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Floods Are Becoming Less Severe, Not More

July 25, 2013

By Paul Homewood


We are often told that global warming will lead to more extreme floods, for instance here.

To test this out, a team of scientists analysed daily discharge data from many sites across the world, and found that there was no evidence at all that floods were becoming worse. Indeed, if anything the reverse was true.




Long-term properties of annual maximum daily river discharge worldwide

Dimitris Bouziotas, Georgios Deskos, Nikos Mastrantonas, Dimosthenis Tsaknias, Grigorios Vangelidis, Simon -Michael Papalexiou, and Demetris Koutsoyiannis

Department of Water Resources and Environmental Engineering, National Technical University of Athens, Greece


We use a database of annual maximum daily discharge time series (World Catalogue of Maximum Observed Floods, IAHS Press, 2003) and extract those with length greater than 50 years. We analyse extreme floods at several stations worldwide focusing on the long-term properties of the time series including trends and persistence (else known as Hurst-Kolmogorov dynamics), which characterizes the temporal streamflow variability across several time scales. The analysis allows drawing conclusions, which have some importance, given the ongoing and intensifying discussions about worsening of climate and amplification of extreme phenomena.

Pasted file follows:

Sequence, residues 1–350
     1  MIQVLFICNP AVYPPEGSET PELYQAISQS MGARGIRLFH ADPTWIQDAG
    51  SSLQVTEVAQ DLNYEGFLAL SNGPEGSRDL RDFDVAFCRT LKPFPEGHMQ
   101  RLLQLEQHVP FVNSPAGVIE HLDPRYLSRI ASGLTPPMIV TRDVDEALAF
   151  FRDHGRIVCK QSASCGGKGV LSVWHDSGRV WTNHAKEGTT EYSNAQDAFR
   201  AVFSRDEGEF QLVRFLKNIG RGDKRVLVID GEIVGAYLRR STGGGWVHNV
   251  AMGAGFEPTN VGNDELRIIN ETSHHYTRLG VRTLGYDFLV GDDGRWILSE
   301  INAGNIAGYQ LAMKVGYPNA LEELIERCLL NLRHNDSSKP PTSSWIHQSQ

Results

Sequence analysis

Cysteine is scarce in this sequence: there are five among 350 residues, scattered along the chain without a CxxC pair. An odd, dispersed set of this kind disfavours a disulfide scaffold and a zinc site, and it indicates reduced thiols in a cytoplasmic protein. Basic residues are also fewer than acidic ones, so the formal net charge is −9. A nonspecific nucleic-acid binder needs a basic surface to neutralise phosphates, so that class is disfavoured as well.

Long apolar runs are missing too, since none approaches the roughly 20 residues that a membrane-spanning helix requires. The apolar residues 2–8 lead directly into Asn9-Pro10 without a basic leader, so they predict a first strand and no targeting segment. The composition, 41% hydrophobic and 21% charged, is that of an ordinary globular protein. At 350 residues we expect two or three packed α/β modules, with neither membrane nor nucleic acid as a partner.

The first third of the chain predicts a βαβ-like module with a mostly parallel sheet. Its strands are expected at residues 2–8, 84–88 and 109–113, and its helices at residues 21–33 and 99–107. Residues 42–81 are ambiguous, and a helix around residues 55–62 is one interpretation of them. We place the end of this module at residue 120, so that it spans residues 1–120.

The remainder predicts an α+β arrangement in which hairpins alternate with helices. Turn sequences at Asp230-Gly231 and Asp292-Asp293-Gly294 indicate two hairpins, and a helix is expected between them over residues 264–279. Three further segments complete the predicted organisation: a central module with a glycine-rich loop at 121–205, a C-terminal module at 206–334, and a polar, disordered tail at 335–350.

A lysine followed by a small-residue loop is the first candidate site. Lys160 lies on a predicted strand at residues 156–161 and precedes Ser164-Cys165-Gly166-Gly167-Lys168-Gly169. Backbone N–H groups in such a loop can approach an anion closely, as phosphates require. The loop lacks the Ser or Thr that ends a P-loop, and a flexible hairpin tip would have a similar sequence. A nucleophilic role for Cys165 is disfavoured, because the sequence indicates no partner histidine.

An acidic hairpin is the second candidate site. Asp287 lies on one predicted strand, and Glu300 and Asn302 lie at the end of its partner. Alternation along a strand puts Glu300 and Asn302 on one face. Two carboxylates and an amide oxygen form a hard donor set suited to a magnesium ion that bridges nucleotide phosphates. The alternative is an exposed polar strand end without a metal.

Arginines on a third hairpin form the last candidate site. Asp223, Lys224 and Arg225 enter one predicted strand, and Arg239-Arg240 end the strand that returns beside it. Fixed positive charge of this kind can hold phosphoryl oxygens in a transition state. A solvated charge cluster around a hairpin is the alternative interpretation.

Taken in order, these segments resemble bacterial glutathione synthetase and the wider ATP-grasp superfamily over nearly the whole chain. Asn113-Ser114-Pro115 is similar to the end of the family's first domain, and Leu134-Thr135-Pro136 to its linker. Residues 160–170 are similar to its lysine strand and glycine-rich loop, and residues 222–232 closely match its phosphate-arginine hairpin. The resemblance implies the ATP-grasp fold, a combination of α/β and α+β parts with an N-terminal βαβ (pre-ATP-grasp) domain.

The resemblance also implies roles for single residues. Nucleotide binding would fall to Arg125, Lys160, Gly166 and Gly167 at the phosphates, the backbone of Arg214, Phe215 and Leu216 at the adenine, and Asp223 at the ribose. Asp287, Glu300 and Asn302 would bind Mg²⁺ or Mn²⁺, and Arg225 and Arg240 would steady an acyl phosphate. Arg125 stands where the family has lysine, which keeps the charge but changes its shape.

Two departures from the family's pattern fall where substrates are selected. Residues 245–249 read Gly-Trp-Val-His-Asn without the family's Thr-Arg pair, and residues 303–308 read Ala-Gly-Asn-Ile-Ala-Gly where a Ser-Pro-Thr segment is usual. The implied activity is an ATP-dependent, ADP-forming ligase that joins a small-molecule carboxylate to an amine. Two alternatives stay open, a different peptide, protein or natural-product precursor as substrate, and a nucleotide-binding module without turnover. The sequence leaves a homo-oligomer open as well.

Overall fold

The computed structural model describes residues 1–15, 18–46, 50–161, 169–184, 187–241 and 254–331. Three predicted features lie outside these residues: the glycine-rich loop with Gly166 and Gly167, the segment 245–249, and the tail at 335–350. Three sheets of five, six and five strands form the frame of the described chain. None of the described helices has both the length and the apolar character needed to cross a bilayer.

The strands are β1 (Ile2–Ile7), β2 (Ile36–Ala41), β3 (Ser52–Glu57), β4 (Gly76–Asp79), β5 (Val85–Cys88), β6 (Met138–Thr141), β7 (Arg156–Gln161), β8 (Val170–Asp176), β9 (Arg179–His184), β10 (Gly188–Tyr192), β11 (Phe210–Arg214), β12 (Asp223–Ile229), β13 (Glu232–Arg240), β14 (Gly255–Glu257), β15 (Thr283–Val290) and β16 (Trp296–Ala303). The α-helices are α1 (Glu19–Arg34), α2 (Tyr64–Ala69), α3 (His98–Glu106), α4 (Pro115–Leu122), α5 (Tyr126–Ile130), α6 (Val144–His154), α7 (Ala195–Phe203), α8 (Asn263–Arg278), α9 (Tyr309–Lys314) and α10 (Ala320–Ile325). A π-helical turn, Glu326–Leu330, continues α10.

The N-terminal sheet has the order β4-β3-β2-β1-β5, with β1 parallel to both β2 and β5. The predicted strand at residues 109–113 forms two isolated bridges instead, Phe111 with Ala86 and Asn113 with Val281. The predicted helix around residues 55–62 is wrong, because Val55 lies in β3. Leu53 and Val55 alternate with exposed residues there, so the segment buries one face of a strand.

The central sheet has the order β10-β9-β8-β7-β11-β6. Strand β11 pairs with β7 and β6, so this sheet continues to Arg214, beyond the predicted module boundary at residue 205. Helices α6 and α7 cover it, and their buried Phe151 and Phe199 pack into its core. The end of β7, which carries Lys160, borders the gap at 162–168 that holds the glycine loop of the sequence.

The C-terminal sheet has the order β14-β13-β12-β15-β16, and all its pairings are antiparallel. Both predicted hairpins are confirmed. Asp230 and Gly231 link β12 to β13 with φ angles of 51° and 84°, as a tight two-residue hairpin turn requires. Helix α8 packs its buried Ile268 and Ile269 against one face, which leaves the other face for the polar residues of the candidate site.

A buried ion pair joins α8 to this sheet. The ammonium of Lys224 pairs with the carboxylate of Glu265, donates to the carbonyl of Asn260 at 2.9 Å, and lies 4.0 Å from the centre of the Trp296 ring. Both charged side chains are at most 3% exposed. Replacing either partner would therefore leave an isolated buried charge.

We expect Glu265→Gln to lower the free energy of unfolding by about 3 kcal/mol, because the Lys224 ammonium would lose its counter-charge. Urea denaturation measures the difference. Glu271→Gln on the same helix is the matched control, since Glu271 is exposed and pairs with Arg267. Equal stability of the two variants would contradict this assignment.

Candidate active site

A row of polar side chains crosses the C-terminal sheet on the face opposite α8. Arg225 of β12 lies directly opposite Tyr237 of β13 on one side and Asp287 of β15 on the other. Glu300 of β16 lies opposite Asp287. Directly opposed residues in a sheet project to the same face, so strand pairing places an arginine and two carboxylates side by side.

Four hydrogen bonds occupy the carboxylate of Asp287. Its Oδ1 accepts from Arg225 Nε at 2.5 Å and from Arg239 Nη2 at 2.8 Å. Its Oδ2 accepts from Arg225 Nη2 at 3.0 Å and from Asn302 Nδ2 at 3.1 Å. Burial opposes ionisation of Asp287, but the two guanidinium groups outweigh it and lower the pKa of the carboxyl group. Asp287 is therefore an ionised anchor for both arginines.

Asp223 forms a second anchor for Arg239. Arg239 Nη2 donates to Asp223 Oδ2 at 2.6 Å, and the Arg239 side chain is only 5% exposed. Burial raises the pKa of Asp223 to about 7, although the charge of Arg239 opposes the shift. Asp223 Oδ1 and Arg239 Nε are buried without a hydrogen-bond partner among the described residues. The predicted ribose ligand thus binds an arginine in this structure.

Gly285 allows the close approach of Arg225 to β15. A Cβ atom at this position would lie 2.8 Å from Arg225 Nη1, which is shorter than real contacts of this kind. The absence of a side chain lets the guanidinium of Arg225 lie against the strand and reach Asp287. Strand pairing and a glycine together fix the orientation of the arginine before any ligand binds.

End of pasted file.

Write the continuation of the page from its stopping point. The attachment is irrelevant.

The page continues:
The World Catalogue of Maximum Observed Floods (Herschy, 2003) and its supplementary documentation, provide a good basis for assessing flood trends worldwide.

Analysis of trends and of aggregated time series on climatic (30-year) scale does not indicate consistent trends worldwide. Despite common perception, in general, the detected trends are more negative (less intense floods in most recent years) than positive. Similarly, Svensson et al. (2005) and Di Baldassarre et al. (2010) did not find systematical change neither in flood increasing or decreasing numbers nor change in flood magnitudes in their analysis.

Future work will try to investigate the reasons for the decreasing trends at each of the basins, with particular emphasis on whether the river basins upstream the gauging location are intact or perhaps affected by human activities

  1. Jeffery permalink
    July 26, 2013 8:29 pm

    Just wanted to alert you to the following report from the World Meteorlogical Society. Among other htings, claims that 2000-2010 is the warmest decade on record. 1930-1940 not even close, and that castrophic weather extremes are at an all time high.

    Click to access wmo_1119_en.pdf


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